Shock & Resuscitation terms

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adrenal gland

ad·re·nal gland

/əˈdrēnl gland/

Noun

The adrenal glands are part of the endocrine system, located above the kidneys. The right adrenal gland is triangular shaped, while the left adrenal gland is semilunar shaped. They are chiefly responsible for secreting the hormones norepinephrine and epinephrine in response to stress.

anaphylactic shock

an·a·phy·lac·tic shock

/an uh fuh lak tik shok/

Noun

A condition in which blood pressure falls to dangerously low levels after a severe allergic reaction causes the arteries to dilate tremendously, while the arterial walls become porous, allowing plasma to leak out into the surrounding tissue.

capillary permeability

cap·il·lar·y per·me·a·bil·i·ty

/ˈkapəˌlerē ˌpərmēəˈbilitē/

Noun

The ability of molecules to pass through capillary walls. Increased capillary permeability is defined as an increased ability of molecules to pass through, while decreased permeability means fewer molecules are able to move across the vessel wall.

cardiogenic shock

car·di·o·gen·ic shock

/kär′dē-ō-jĕn′ĭk shok/

Noun

If enough cardiac tissue becomes injured or infarcted, especially in the left ventricle, the heart will not be able to move enough blood into the systemic circulation and blood pressure begins to fall.

chronotropic effect

chron·o·trop·ic ef fect

/kron uh trop ik, troh pik ih fekt/

Noun

When the brainstem signals sent along the nervous and endocrine systems are to change the rate of the heart, and to the peripheral arterial system, where it can raise resistance.

compensated shock

com·pen·sated shock

/ˈkämpənˌsā ted SHäk/

Noun

When blood pressure is appropriate but there are signs of inadequate tissue perfusion

compensation

com·pen·sa·tion

/ˌkämpənˈsāSH(ə)n/

Noun

How the body adapts to maintain balance

decompensated shock

de·con·tam·i·nate

/ˌdēˈkämpənˌsā ted SHäk/

Noun

Shock associated with hypotension. Also called late stage or irreversible shock.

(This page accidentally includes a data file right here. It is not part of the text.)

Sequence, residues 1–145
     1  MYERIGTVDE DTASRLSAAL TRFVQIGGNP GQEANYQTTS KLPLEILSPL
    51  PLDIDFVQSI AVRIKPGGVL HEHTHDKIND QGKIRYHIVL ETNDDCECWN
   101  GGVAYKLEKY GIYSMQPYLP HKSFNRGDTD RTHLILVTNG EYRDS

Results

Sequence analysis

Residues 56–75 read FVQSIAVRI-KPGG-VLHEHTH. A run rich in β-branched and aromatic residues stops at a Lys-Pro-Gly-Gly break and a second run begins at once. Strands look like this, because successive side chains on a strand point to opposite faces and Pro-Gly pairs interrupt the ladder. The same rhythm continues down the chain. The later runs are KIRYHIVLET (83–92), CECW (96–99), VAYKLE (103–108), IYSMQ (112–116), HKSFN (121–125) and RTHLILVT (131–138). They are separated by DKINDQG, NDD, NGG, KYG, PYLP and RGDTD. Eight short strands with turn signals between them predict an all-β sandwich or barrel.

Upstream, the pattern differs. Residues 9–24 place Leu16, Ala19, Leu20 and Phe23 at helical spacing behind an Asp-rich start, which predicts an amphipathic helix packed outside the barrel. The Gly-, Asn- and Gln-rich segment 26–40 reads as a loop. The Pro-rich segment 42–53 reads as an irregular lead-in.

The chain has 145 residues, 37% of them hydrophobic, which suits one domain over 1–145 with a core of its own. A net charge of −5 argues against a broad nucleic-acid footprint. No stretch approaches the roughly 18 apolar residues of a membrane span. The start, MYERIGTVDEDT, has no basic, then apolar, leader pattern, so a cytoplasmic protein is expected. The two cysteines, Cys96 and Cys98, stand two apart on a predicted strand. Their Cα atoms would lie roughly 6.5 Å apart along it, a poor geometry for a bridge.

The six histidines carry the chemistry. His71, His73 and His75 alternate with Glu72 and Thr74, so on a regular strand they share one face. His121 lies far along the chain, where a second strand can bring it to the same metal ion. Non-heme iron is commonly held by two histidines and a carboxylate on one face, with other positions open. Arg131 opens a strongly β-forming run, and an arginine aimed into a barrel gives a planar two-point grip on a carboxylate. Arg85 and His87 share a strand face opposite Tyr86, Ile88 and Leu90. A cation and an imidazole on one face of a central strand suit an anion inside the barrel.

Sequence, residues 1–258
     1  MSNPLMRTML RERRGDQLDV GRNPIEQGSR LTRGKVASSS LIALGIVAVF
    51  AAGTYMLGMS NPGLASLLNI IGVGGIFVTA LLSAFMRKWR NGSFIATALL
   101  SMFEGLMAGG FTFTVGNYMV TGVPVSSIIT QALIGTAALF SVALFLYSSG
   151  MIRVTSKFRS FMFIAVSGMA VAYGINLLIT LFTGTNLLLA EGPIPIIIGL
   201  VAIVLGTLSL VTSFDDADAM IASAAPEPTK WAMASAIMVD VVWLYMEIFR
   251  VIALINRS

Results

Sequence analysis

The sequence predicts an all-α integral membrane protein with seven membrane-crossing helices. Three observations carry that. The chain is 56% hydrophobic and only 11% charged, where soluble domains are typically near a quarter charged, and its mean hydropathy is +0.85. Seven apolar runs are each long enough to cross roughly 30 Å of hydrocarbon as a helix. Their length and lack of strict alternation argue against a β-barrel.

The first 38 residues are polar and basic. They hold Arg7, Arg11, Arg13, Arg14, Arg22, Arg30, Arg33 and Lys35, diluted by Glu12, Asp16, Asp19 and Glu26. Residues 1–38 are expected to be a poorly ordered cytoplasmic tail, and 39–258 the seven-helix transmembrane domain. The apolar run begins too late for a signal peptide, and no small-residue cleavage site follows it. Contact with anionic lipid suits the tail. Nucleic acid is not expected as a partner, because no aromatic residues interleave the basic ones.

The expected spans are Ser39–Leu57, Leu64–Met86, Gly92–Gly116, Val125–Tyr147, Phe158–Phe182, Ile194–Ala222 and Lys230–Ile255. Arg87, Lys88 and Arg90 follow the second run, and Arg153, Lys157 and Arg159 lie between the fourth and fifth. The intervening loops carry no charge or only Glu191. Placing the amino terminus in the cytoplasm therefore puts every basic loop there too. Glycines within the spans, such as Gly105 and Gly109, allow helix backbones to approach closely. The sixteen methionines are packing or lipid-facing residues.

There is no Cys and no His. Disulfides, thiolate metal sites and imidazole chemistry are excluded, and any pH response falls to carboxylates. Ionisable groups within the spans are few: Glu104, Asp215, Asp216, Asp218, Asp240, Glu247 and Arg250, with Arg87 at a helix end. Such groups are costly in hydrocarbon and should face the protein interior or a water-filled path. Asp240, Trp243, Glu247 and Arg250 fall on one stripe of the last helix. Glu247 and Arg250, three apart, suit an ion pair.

dehydration

de·hy·dra·tion

/dee hahy drey shuhn/

Noun

Bodily fluid volume loss

diaphoresis

di·a·pho·re·sis

/dahy uh fuh ree sis/

Noun

As the shift in circulation away from the skin to the core continues, glands in the skin start to secrete fluid, causing sweat to form.

epinephrine

ep·i·neph·rine

/ep uh nef rin, reen/

Noun

The hormone secreted by the adrenal gland that has the main effect of causing the peripheral arteries to constrict. Epinephrine causes the heart to speed up and squeeze more forcefully, while at the same time cause the bronchioles in the lung to dilate

exsanguination

ex·san·gui·na·tion

/ekˌsaNGgwəˈnāSHən/

Noun

Rapid blood loss

hemorrhagic shock

hem·or·rhag·ic shock

/hem uh raj ik shok/

Noun

A fall in blood pressure from bleeding

hypoperfusion

hy·po·per·fu·sion

/hī-pō-pər-ˈfyü-zhən/

Noun

When blood pressure falls, the tissues no longer receive adequate amounts of nutrients and oxygen, and build up of waste and carbon dioxide occurs

hypotension

hy·po·ten·sion

/ˌhīpəˈtenSHən/

Noun

A blood pressure that's lower than normal

hypovolemic shock

hy·po·vo·le·mic shock

/hi''pō vŏ lē 'mik shok/

Noun

A condition of volume loss that causes blood pressure to fall to dangerously low levels. Causes can include vomiting, diarrhea, and excessive sweating.

inotropic effect

i·no·trop·ic

/ee nuh trop ik, troh pik/

Noun

The brainstem sends signals along the nervous and endocrine systems to change the squeeze force of the heart, and to the peripheral arterial system, where it can raise resistance.

lethargy

leth·ar·gy

/leth er jee/

Noun

Sleepiness caused by shock

neurogenic shock

neu·ro·gen·ic shock

/noor uh jen ik shok/

Noun

A condition in which an injury to the spinal cord results in the loss of signals being transmitted from the brain to the arteries, causing the arteries to relax and dilate.

norepinephrine

nor·ep·i·neph·rine

/nawr-ep-uh-nef-rin, -reen/

Noun

The hormone secreted by the adrenal gland that has the main effect of causing the peripheral arteries to constrict

normotensive

nor·mo·ten·sion

/ˌnȯr-mō-ˈten-chən/

Adjective

obstructive shock

ob·struc·tive shock

/əbˈstrəktiv, SHäk

Noun

A shock that results from an inadequate circulating volume due to an obstruction in or compression on the great veins, aorta, pulmonary arteries or the heart. It may occur from conditions such as pericardial tamponade and tension pneumothorax

pathogen

path·o·gen

/path uh juhn, jen/

Noun

Infectious cells and microorganisms

plasma

plas·ma

/plaz muh/

Noun

The colorless, fluid portion of blood that carries corpuscles or fat globules. It is comprised of albumin, globulin, fibrinogen, electrolytes, amino acids, simple sugars and lipids.

platelet

plate·let

/ˈplāt-lit/

Noun

A specialized cell in the blood that triggers a series of actions that causes the blood to form a clot. Platelets are found in large numbers in the blood, and initiate the clotting process when the body needs to heal damaged tissue.

septic shock

sep·tic shock

/sep tik shok/

Noun

A condition in which serious bacterial infection releases toxins throughout the body, which can also cause the arteries to leak fluid.

shock

shock

/shok/

Noun

When blood pressure falls, the tissues no longer receive adequate amounts of nutrients and oxygen, and build up of waste and carbon dioxide occurs.